New guidance has been issued to local authorities requiring them to extend eligibility to the blue badge scheme to people with hidden disabilities from 30 August 2019. The new criteria will cover some claimants with conditions such as dementia, autism and severe anxiety.

Under new regulations laid before parliament in April and coming into force at the end of August, blue badge eligibility will extend to people who:

are unable to walk;

experience very considerable difficulty whilst walking, which may include very considerable psychological distress; or

be at risk of serious harm when walking; or pose, when walking, a risk of serious harm to any other person;”;

Automatically eligible claimants will now include those who:

“obtained a score of 10 points in relation to the “planning and following journeys” activity on the grounds that they cannot undertake any journey because it would cause them overwhelming psychological distress.”

This is in addition to claimants who already automatically qualify because they:

“obtained a score of at least 8 points in relation to the “moving around” activity”.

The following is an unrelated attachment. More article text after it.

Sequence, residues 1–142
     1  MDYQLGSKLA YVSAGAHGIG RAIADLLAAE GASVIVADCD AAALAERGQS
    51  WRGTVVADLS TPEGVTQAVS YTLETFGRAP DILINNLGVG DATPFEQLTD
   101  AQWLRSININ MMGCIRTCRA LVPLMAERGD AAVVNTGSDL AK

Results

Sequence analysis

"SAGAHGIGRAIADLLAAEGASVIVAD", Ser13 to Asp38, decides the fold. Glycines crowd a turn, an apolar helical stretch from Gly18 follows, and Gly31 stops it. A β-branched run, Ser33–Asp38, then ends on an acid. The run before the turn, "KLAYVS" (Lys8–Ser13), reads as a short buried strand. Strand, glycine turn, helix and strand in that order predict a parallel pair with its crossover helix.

This is covered by the following descriptors:

c. Can stand and then move unaided more than 20 metres but no more than 50 metres. 8 points.

d. Can stand and then move using an aid or appliance more than 20 metres but no more than 50 metres. 10 points.

e. Can stand and then move more than 1 metre but no more than 20 metres, either aided or unaided. 12 points.

f. Cannot, either aided or unaided, –

(i) stand; or

(ii) move more than 1 metre. 12 points.

The wording of the regulations has also been altered to change the word ‘permanent’ to ‘enduring’:

“has an enduring and substantial disability”

This has been changed on the grounds that it cannot always be certain that a claimant with a mental health condition will have the same level of need on a permanent basis.

Jane Harris, Director of External Affairs at the National Autistic Society, said:

“The changes will make a huge difference to thousands of autistic people and their families across England – helping them to go out in the way many others take for granted.”

“Just leaving the house is incredibly difficult for many autistic people – and involves detailed preparation. Some autistic people have no concept of the dangers of the road while others are so anxious about plans going wrong, like not being able to find a parking space, that they don’t go out at all. Having a Blue Badge will be life-changing and help many to reduce loneliness and isolation.”

There are currently around 2.35 million blue badges in the UK. The new criteria are expected to considerably increase this number.

But at the same time the government has announced a review into blue badge fraud, with figures suggesting that theft of blue badges went up 45% last year alone.

There are more details about the new blue badge on the website.

You can download the new 150 page guidance for local authorities on blue badges from this page.


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